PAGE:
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KHANA, a national public health organization in Cambodia, conducted a series of in-depth interviews and focus group discussions to better understand the concerns of the workers and how they might benefit from a hotline.

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Someone to Listen to: A Hotline for Female Entertainment Workers in Cambodia

Female entertainment workers in Cambodia confronted severe challenges during the lockdown due to the pandemic. Work dried up and in desperation many worked covertly in entertainment establishments despite government mandates. As a result, they faced increased harassment by clients and police.

The daily worries made them more anxious and some even developed suicidal thoughts. But KHANA, a national public health organization in Cambodia, last month conducted a series of in-depth interviews and focus group discussions to better understand the concerns of the workers and how they might benefit from a hotline.

The initiative, as part of the SVRI-funded project, followed discussions with the workers that KHANA had last year—before the pandemic—to explore the support they needed because of gender-based violence. A few women said they preferred legal and medical support but many sought emotional support—someone who would listen to them.

Although the idea for a hotline emerged last year, discussions picked up because of the urgency due to COVID-19. KHANA is currently developing a 24-hour hotline with chat and voice options, staffed by trained peer outreach workers. The outreach workers will undergo a five-day intensive training and simulation on using crisis intervention, health education, and supportive counseling skills to offer emotional support. They will also identify and respond to red flags such as suicidal thoughts and refer survivors to services available to them.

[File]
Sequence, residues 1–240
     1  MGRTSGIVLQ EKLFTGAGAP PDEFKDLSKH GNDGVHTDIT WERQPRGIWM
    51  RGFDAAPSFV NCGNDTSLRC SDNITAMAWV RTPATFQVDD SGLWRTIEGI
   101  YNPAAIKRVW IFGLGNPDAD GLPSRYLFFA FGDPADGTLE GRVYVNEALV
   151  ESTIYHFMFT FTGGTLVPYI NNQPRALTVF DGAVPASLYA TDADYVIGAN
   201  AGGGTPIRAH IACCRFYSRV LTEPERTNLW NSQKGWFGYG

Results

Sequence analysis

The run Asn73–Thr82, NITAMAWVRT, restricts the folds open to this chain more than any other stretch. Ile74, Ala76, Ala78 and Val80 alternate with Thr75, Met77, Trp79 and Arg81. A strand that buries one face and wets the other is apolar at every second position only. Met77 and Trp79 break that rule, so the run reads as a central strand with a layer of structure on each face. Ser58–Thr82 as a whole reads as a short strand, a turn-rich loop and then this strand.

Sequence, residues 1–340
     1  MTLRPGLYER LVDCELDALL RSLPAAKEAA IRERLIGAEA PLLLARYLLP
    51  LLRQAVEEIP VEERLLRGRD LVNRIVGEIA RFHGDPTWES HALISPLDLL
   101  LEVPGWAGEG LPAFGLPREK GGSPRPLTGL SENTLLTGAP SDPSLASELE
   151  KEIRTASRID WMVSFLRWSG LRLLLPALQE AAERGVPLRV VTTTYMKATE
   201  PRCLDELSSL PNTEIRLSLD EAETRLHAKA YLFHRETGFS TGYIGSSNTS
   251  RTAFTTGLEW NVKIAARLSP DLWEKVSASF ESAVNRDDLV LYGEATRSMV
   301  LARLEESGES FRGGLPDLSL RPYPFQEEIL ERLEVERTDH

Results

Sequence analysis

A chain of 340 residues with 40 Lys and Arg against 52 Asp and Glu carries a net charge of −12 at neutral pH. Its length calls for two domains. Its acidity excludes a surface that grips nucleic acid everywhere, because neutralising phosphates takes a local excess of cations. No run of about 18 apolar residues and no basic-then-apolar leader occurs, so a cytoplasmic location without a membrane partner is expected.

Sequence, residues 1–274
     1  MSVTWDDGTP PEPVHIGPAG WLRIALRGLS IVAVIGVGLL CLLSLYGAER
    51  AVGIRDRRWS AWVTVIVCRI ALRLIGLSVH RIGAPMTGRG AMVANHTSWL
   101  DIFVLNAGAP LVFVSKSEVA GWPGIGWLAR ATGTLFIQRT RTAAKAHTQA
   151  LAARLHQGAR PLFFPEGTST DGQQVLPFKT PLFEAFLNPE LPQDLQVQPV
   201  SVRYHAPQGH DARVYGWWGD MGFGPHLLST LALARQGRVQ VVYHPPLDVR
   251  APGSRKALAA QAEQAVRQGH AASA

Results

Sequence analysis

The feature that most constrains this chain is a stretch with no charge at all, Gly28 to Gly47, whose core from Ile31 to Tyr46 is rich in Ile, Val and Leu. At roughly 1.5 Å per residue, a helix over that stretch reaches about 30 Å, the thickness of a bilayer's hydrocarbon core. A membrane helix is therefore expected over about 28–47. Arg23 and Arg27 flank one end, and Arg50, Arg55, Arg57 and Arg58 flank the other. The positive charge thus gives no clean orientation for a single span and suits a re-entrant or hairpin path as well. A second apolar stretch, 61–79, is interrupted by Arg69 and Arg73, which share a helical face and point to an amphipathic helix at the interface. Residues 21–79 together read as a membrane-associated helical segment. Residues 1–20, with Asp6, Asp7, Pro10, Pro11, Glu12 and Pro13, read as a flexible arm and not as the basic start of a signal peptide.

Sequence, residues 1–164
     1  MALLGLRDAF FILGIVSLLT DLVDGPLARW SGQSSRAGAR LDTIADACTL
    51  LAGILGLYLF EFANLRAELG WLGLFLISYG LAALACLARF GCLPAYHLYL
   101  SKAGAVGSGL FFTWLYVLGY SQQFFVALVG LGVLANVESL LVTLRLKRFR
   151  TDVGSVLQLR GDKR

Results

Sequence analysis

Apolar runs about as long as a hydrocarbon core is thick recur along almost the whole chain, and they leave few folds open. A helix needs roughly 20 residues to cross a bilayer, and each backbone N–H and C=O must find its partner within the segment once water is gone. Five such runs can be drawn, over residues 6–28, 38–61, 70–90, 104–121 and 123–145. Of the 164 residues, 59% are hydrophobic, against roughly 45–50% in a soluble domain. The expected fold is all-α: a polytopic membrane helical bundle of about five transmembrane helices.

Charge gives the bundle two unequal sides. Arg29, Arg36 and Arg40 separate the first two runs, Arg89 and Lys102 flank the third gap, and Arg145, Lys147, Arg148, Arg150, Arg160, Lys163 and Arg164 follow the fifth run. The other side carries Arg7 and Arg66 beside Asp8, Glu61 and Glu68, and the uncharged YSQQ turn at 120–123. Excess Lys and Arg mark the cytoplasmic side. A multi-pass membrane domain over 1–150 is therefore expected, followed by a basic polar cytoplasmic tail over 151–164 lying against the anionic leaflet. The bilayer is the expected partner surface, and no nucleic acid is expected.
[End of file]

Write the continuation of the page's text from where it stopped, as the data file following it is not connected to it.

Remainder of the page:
As part of efforts to develop the hotline, KHANA presented participants with visual aids such as a comic strip of a young woman using the chatline after experiencing emotional and verbal abuse (see below).  We also provided a mock audio transcription of a hotline call between a young woman and a call line staff. These techniques helped to inspire conversation about the aspects of a hotline service that would work for the participant and what would not.

During our conversations, the female entertainment workers opened up about their hopes and challenges, which will help better inform our responses—so we can meet their needs.

Impact of COVID-19

First, they said they have been hit hard by the pandemic. The impact of COVID-19 wasn’t the focus of our research, but we couldn’t avoid this topic in our interviews. These workers were earning less income because the entertainment venues where closed and many engaged in direct sex work through their networks or on the streets to offset their lack of income. Some received money from their family, whom they usually support. All of these challenges, including working covertly against government mandates, put immense psychological pressure on them.

Resilience in the face of adversity

Second, the female entertainment workers discussed how they were trying to cope with the challenges. They discussed healthy coping strategies, such as depending on friends or taking up meditation, and unhealthy coping strategies such as drinking. They reported asking and receiving emotional support from friends, family, and peers. Some have relied on service from local community-based organizations.

Words of hope

Third, when discussing the emotional support hotline, the workers said they would prefer to call a trustworthy, nonjudgmental, anonymous person. A person who would console them, provide encouragement and practical solutions, career guidance, and use kind words to lift their moods and help them feel safe. They also want referrals, such as immediate help when experiencing violence or medical attention.

Our next steps are to take these responses and use them to inform the development of the hotline’s technical aspects and our staff training.  This hotline will be a portal for emotional support as well as escorted referral s for health and gender-based violence (GBV) support services.

Written by Carinne Brody and Siyan Yi

Authors Bios:

Carinne Brody, DrPH is an Associate Professor at Touro University California and a KHANA research team member.  She has been working to improve access to health care for female entertainment workers for the past eight years.

Siyan Yi, MD, PhD is Assistant Professor at National University of Singapore and Director, KHANA Center for Population Health Research, Cambodia.  He has been working on improving the health of key populations in Cambodia for over ten years.


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